Carl Sagan once asked this question, “What does it mean for a civilization to be a million years old? We have had radio telescopes and spaceships for a few decades; our technical civilization is a few hundred years old… an advanced civilization millions of years old is as much beyond us as we are beyond a bush baby or a macaque.” Now imagine if you will a truly advanced civilizations – sheer speculation, of course, but how would the laws of quantum field theory, general relativity, thermodynamics, etc. be fairly well-established, physics apply to these civilizations? This is no longer just an idle question and we may soon have the existential shock as Kepler and others find planets with habitable zones and hundreds of earth-sized planets, which are almost identical twins of our celestial homeland. Are there really hundreds of earth-like planets out there? It seems so….
Today, every few weeks brings news of a new Jupiter-sized extra-solar planet being discovered, the latest being about 15 light years away orbiting around the star Gliese 876. The most spectacular of these findings was photographed by the Hubble Space Telescope, which captured breathtaking photos of a planet 450 light years away being sling-shot into space by a double-star system.
Although it is impossible to predict the precise features of such advanced civilizations, they still must obey the iron laws of physics, which are now advanced enough to explain everything from sub-atomic particles to the large-scale structure of the universe. In a paper published in 1964 in the Journal of Soviet Astronomy, Russian astrophysicist Nicolai Kardashev theorized that advanced civilizations should, therefore, be grouped according to three types: Type I, II, and III, which have mastered planetary, stellar and galactic forms of energy, respectively. He calculated that the energy consumption of these three types of civilization would be separated by a factor of many billions. But how long will it take to reach Type II and III status?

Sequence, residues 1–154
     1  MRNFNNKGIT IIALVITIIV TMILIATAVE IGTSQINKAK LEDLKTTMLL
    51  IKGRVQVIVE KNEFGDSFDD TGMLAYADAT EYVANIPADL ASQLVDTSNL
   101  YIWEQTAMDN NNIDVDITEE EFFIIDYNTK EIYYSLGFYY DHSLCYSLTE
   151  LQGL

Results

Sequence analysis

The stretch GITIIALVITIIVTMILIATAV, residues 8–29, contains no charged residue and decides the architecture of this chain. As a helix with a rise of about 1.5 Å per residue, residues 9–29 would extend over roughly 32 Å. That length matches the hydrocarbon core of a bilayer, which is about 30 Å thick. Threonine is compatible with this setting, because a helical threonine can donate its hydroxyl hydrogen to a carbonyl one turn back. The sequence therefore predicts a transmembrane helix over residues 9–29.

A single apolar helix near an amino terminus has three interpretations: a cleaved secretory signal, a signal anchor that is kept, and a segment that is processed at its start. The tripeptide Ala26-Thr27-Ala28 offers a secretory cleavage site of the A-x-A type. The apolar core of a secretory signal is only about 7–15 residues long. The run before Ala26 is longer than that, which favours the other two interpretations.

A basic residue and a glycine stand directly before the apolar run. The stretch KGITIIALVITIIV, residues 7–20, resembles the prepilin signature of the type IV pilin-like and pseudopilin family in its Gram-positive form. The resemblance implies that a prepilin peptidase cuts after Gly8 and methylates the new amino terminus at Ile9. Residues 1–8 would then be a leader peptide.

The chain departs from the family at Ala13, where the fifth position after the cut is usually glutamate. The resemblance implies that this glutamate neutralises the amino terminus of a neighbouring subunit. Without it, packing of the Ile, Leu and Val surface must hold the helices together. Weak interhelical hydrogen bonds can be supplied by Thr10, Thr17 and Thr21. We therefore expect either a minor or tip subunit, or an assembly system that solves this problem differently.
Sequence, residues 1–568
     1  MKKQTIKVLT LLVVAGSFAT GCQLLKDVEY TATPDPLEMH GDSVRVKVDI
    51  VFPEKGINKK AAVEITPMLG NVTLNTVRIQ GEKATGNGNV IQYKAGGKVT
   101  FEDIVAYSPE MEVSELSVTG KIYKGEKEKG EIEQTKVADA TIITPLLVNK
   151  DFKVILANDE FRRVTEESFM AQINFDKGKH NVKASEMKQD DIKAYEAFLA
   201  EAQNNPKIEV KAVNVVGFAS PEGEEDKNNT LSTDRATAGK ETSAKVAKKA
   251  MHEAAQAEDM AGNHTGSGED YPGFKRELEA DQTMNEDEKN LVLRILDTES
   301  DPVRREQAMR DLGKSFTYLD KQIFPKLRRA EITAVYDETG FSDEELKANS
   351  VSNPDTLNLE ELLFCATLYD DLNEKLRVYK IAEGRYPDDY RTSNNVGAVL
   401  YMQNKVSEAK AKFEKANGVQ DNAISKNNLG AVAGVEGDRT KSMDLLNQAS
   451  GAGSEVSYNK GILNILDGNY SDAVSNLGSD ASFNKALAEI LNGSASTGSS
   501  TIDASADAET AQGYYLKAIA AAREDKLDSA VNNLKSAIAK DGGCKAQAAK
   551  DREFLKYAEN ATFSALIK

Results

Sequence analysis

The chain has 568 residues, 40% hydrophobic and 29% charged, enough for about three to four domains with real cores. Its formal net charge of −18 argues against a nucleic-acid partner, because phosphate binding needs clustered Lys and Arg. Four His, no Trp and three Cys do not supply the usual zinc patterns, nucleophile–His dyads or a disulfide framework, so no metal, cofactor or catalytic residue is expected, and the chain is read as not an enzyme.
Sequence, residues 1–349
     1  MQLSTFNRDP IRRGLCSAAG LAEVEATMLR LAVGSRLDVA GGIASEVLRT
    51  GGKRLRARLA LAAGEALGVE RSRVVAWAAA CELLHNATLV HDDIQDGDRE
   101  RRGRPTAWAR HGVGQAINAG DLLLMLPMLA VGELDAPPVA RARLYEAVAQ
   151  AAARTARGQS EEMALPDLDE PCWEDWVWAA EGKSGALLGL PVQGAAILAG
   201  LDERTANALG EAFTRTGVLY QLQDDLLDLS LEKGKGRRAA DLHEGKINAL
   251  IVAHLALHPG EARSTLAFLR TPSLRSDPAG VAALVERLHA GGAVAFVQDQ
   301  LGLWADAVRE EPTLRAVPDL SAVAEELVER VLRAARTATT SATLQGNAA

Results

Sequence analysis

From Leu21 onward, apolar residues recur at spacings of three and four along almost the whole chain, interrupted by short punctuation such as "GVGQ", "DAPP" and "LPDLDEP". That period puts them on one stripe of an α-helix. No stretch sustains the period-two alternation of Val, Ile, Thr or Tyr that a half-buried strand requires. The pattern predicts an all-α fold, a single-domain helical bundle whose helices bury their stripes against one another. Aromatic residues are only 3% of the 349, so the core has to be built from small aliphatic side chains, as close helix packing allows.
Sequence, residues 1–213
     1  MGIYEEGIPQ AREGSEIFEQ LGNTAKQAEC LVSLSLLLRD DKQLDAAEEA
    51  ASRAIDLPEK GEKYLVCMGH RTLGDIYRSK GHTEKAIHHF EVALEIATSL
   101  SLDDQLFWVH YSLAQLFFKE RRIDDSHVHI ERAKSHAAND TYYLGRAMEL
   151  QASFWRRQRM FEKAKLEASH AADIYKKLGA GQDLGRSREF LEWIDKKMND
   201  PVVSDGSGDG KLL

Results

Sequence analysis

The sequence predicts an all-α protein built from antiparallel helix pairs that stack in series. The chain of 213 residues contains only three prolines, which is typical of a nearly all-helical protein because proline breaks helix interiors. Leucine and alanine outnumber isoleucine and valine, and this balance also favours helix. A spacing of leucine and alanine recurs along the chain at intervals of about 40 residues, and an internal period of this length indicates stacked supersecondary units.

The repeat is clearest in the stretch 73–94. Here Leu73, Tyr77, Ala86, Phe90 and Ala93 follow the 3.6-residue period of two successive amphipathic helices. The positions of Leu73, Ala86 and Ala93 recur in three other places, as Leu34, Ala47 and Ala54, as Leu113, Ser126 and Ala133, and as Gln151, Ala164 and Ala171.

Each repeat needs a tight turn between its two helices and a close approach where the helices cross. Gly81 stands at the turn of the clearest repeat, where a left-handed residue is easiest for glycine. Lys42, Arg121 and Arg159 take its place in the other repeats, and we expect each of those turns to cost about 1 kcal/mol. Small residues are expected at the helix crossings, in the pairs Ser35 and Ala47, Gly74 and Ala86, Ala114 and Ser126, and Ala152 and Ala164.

Physics of Type I, II, and III Civilizations
Specifically, we can rank civilizations by their energy consumption, using the following principles:
1) The laws of thermodynamics. Even an advanced civilization is bound by the laws of thermodynamics, especially the Second Law, and can hence be ranked by the energy at their disposal.
2) The laws of stable matter. Baryonic matter (e.g. based on protons and neutrons) tends to clump into three large groupings: planets, stars and galaxies. (This is a well-defined by product of stellar and galactic evolution, thermonuclear fusion, etc.) Thus, their energy will also be based on three distinct types, and this places upper limits on their rate of energy consumption.
3) The laws of planetary evolution. Any advanced civilization must grow in energy consumption faster than the frequency of life-threatening catastrophes (e.g. meteor impacts, ice ages, supernovas, etc.). If they grow any slower, they are doomed to extinction. This places mathematical lower limits on the rate of growth of these civilizations.